Rooms: The rooms of the middle storey of the house, which are 7 in total, are reserved for daily living room activities and working, and upper floor rooms are reserved for the use of daughters-in-law, guests and generally as bedrooms. Entrances to room are from one side. There is no direct access to rooms from the hall. A wooden curtain that is located directly opposite to the door blocks the internal view from outside.

Selamlik (Public Area): In old times, traditions and religion closed the home to outside and women were not seen by foreign men. For outsiders, women and men were two separate communities. These are called Harem and Selamlik of the house respectively. During a wedding, men dined and entertained together in Selamlik section together with the groom.

Harem (Private Area): Mostly rich residences have two separate entrances and two stairs, one for Harem and another for Selamlik. In Harem, Kina Gecesi (Henna Night) of women is animated by mannequins wearing traditional clothing called Bindalli-tefebaş.

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Whirling Closet: A whirling Closet is made between the hall and Harem area so that the women serving the foreign men in Selamlik are not seen publicly. Cups and dishes placed in the chambers are served by turning the whirling closet.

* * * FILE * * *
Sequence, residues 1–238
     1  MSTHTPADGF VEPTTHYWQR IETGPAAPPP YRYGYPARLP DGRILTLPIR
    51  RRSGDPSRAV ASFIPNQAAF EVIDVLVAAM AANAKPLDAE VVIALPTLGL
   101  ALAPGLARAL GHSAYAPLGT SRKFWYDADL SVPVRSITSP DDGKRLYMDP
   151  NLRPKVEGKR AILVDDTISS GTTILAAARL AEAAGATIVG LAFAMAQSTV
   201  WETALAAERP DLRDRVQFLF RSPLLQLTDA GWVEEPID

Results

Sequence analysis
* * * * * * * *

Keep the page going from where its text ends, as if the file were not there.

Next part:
Head Room: On the top floor of the house there is Head Room on the best façade with a ceiling that is crafted more enthusiastically than the other rooms, a sofa layout, windows that receive daylight from both directions, and a fire-place and wooden engravings that feature the best of wood adornment craftsmanship as well as closets that are also used as washroom. This room is used as guest room.

Bride’s Room: Used by the eldest bride of the house, this room is used multi-purposed. As in all rooms, living, dining, sleeping and washing could be made here. The most important aspect is that the furniture is mobile. The furniture such as cradle and bed is brought out when necessary and brought back after use. There are entrances from this room to chest room and children’ room.

Chest Room: This is a connecting room between the bride’s room and children’ room where bride’s dowry chest, outfits, as well as iron and sewing machine are kept.

Children Room: This is the room where elder children and adopted daughters stayed. Although this room features engravings, closets, windows overlooking the street, and a sofa layout, there are no wooden engravings on the ceiling. Kitchen (Cookhouse): The room reserved as the kitchen is on the middle floor. Housewife lives, works warms up and prepares food and pita bread here. Food is usually served in the kitchen. Material required for cooking are kept around the fire-place in small quantities. Fully-copper containers, pans, frying pans, jugs and carafes that are used on kitchen on the upstairs are exhibited here for decorative purposes. Moreover, there is a cellar and an outer pergola in the other end of this kitchen.

Cellar: Materials for food required in the kitchen are kept in the cellar. In cellar there are stores and a wire closet.


You can visit Kaymakam Museum House everyday.
Hıdırlık Yokuşu Sokak No:6 Çarşı / SAFRANBOLU